Brevard, NC (January 29, 2014) – The Appalachian Trail Conservancy, the Southern Appalachian Wilderness Stewards (or SAWS, a project of The Wilderness Society) and the United States Forest Service opened the application period today for the Wilderness Skills Institute (WSI), a training program for wilderness stewardship and management. In its fourth year, WSI is scheduled for May 19 to 30 at the Cradle of Forestry near Brevard, NC.
The Institute is designed to provide practical information about designated wilderness and the skills necessary to work effectively in wilderness, including certifications such as Wilderness First Aid, Leave No Trace and crosscut saw. WSI is a proven resource for trail volunteers, agency employees and nonprofit staff.
The program each week features three levels of training for a variety of participants and levels of experience. Course work includes tool care, building trail structures, rigging to stabilize and move heavy objects and a trail maintenance course that emphasizes hands-on instruction on the theory and skills to maintain and repair wilderness trails. A course will also be offered for wilderness rangers focusing on history, policy, law, field safety, Leave No Trace and recreation use monitoring, among other topics. All tracks come together for discussions of wilderness theory and legislation with some of the nation’s most experienced stewards.
Application and registration is free, and camping is provided.
Training Course: Wilderness Skills Institute 2014
Dates: May 19 to May 30
Location: Cradle of Forestry in Brevard, NC
Tuition: An application is required, and registration is free once accepted into the program. To apply, or for more information, visit www.trailcrews.org/wilderness-skills-institute.
For more information about this training course, contact Leanna Joyner at 828.254.3708 or email [email protected], or call Bill Hodge at 828.587.9453 or email [email protected].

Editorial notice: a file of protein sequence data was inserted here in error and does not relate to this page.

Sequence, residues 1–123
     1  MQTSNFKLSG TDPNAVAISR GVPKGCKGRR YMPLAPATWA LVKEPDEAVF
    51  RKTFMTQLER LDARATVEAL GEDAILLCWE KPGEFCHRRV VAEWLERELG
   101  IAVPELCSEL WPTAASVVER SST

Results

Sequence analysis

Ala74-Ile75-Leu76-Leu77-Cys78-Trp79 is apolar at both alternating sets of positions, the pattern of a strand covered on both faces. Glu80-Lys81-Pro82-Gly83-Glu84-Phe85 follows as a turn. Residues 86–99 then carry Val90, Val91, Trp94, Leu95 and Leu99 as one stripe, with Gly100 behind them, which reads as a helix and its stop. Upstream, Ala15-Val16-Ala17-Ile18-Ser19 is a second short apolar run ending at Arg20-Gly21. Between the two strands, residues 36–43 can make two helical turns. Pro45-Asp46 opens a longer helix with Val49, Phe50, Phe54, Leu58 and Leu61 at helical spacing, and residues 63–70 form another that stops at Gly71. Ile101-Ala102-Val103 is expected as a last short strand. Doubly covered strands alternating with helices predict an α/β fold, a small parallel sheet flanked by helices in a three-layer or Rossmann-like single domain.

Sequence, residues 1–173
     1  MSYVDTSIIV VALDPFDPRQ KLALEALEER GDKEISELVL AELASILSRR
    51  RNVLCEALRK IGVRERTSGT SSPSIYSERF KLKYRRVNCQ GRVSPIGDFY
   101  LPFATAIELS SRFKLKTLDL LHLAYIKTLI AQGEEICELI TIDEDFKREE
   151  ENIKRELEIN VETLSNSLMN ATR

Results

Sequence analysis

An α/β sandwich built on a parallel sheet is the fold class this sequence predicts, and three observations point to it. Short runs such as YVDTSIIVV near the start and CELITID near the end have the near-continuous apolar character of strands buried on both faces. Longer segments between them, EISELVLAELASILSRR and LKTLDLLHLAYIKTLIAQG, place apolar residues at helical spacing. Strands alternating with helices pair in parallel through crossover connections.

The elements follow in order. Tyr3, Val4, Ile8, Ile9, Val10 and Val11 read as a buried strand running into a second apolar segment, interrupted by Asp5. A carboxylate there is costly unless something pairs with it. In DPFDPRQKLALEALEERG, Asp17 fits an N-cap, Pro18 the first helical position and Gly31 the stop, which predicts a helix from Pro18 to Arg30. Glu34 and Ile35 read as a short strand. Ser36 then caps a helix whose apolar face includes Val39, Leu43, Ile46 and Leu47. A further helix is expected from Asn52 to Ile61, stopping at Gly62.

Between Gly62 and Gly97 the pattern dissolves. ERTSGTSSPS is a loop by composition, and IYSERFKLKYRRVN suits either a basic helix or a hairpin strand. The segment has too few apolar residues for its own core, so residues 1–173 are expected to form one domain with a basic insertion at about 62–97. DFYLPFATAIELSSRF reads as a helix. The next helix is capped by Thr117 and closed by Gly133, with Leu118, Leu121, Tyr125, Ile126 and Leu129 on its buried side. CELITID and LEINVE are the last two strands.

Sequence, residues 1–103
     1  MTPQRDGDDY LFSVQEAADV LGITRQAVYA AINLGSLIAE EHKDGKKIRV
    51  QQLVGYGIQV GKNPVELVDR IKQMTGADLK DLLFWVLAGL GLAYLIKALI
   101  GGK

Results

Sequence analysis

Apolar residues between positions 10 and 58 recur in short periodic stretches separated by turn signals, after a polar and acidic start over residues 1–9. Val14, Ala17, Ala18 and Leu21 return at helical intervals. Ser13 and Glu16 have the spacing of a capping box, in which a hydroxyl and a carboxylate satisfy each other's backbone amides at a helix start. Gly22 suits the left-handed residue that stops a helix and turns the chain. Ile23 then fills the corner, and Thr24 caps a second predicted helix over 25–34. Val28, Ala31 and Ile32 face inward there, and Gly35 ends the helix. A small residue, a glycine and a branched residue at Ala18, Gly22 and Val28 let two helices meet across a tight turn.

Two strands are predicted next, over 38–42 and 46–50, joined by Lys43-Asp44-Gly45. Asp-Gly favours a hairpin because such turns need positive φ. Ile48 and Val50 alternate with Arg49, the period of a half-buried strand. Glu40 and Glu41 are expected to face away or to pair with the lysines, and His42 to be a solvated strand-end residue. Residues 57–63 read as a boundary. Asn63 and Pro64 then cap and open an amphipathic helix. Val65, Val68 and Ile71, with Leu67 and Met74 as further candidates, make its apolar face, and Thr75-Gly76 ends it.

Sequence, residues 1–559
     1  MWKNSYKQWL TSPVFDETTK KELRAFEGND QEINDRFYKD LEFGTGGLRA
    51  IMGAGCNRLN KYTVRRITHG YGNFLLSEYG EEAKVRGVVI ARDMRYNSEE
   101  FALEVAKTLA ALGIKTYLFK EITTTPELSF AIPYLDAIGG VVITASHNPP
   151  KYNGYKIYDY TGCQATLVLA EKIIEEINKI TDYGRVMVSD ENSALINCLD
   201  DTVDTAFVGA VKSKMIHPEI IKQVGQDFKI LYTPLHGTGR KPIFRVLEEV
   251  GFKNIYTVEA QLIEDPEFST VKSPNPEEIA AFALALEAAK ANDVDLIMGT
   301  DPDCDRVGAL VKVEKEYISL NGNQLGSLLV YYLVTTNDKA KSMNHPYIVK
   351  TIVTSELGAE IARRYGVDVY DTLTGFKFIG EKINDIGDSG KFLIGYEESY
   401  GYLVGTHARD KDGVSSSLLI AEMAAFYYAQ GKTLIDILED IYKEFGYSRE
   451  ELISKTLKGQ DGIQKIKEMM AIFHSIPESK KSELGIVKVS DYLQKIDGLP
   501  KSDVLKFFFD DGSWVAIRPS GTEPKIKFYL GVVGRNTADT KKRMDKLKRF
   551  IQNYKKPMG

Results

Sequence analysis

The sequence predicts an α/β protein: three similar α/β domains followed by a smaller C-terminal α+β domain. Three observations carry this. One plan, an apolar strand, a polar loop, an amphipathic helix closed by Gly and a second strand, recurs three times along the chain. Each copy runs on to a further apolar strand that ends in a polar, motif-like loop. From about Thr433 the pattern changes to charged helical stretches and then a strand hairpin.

About the Appalachian Trail Conservancy
The ATC was founded in 1925 by volunteers and federal officials working to build a continuous footpath along the Appalachian Mountains. A unit of the National Park Service, the A.T. ranges from Maine to Georgia and is approximately 2,185 miles in length. It is the longest hiking-only footpath in the world. The mission of the ATC is to preserve and manage the Appalachian Trail – ensuring that its vast natural beauty and priceless cultural heritage can be shared and enjoyed today, tomorrow, and for centuries to come. For more information, please visit www.appalachiantrail.org.
Contact: Leanna Joyner
Appalachian Trail Conservancy
Email: [email protected]
About the Southern Appalachian Wilderness Stewards
Southern Appalachian Wilderness Stewards is a project of The Wilderness Society dedicated to providing stewardship to areas designated and managed as wilderness on our glorious public lands. For more information, visit www.trailcrews.org.
Contact: Bill Hodge
Program Director, Southern Appalachian Wilderness Stewards
The Wilderness Society Southern Appalachians Office
Email: [email protected]